A consortium of UK National Lottery operator Camelot and An Post, the state-owned provider of postal services in Ireland, has been named as the preferred bidder for the licence to run the Irish National Lottery under a new 20-year contract reported to be worth €405 million ($542.7 million).
According to The Irish Times newspaper, the bid was submitted through the Premier Lotteries Ireland Consortium comprising An Post, its pension funds and Camelot’s parent company, the Ontario Teachers’ Pension Plan.
One of the significant features of the new agreement is that the licensee will have greater flexibility to operate online. The business currently makes less than 3% of its revenue from online operations.
Talks on finalising the licence terms between the consortium and the Department of Public Expenditure and Reform will begin shortly and are expected to be concluded by the end of November. The Irish government is selling the lottery’s licensing rights in an effort to raise much-needed funds for its struggling economy.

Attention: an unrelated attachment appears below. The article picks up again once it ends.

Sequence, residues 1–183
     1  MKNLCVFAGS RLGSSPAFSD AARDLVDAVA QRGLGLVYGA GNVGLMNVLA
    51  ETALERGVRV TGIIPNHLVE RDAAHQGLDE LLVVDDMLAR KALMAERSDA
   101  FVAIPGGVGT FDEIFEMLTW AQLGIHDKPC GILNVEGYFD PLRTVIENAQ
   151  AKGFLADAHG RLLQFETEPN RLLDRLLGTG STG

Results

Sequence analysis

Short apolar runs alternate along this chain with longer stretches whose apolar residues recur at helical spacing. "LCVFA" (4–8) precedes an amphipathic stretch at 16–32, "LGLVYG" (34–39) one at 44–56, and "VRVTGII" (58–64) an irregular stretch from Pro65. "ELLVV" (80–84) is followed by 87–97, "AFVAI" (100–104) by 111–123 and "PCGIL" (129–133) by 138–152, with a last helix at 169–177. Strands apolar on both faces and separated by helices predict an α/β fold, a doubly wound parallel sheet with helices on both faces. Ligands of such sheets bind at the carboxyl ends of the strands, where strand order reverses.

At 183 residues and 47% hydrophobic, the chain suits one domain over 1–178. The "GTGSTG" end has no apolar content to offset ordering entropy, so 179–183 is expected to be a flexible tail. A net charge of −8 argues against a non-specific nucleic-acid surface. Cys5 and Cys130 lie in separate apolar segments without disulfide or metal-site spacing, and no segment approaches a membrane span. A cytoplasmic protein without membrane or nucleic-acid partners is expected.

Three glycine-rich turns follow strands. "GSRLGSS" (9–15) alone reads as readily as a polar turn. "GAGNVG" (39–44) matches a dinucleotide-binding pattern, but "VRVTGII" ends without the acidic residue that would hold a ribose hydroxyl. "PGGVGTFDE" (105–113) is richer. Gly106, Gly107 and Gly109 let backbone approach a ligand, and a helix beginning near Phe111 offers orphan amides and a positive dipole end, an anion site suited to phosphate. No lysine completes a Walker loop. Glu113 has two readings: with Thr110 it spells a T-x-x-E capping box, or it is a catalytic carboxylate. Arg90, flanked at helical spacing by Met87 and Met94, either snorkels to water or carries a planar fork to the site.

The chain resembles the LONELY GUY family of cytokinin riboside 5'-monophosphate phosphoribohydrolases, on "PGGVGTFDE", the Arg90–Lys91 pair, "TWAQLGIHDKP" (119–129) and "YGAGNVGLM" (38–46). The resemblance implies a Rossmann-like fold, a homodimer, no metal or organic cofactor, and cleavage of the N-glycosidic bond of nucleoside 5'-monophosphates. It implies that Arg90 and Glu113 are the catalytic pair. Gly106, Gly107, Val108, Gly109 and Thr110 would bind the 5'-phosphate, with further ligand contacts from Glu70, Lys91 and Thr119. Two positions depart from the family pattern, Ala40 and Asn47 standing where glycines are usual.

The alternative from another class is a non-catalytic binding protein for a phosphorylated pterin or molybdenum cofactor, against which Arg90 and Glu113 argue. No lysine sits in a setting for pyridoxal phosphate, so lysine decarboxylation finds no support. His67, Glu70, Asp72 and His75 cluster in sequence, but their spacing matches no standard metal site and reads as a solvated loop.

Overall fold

The €405 million offered by Premier Lotteries was significantly higher than industry estimates of between €250 million and €300 million that emerged during the bidding process.
However, the agreed figure does fall some way short of the €500 million touted by some politicians.
The two other bidders involved in the process were global lottery and gaming companies, US-based GTECH and Australian set-up Tatts.
The €405 million fee will be paid in two instalments; the first when the deal is signed later this year and the second when Premier Lotteries takes over the running of the licence in October 2014.
Premier Lotteries will have to pay 65% of its gross revenues to good causes.